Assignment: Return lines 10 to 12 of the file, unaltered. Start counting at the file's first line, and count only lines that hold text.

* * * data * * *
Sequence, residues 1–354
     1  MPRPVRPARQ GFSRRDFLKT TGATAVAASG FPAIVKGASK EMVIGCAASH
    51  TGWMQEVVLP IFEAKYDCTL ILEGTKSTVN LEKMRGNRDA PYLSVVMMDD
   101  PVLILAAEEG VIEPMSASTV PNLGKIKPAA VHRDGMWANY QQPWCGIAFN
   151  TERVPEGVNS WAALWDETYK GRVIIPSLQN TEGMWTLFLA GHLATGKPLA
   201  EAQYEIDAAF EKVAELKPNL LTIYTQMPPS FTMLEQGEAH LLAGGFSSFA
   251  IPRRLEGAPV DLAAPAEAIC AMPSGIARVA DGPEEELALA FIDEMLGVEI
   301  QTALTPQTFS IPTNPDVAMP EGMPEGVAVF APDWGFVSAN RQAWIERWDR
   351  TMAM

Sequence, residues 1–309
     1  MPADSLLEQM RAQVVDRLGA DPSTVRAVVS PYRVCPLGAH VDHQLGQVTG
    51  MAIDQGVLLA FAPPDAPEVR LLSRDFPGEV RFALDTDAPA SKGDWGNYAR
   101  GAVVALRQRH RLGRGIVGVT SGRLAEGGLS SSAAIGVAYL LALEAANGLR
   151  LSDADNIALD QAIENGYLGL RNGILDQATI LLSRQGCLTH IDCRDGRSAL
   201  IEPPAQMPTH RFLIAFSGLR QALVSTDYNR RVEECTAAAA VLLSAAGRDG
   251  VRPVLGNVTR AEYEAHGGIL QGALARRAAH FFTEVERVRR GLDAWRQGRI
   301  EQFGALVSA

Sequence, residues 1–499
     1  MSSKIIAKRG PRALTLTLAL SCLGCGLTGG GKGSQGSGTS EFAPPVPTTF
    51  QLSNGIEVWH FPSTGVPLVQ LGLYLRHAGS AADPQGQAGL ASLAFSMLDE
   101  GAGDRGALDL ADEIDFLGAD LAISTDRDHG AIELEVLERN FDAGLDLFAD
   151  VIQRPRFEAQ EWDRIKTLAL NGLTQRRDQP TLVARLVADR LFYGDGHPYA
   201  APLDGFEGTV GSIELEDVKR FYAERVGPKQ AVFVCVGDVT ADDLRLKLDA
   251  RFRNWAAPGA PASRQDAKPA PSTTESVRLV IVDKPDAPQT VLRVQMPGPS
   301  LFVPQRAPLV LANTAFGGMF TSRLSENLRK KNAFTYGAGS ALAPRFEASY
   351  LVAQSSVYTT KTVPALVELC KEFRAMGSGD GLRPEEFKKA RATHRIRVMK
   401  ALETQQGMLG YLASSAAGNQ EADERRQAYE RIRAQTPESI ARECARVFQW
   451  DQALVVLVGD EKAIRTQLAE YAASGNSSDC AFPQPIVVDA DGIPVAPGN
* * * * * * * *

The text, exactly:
Sequence, residues 1–309
     1  MPADSLLEQM RAQVVDRLGA DPSTVRAVVS PYRVCPLGAH VDHQLGQVTG
    51  MAIDQGVLLA FAPPDAPEVR LLSRDFPGEV RFALDTDAPA SKGDWGNYAR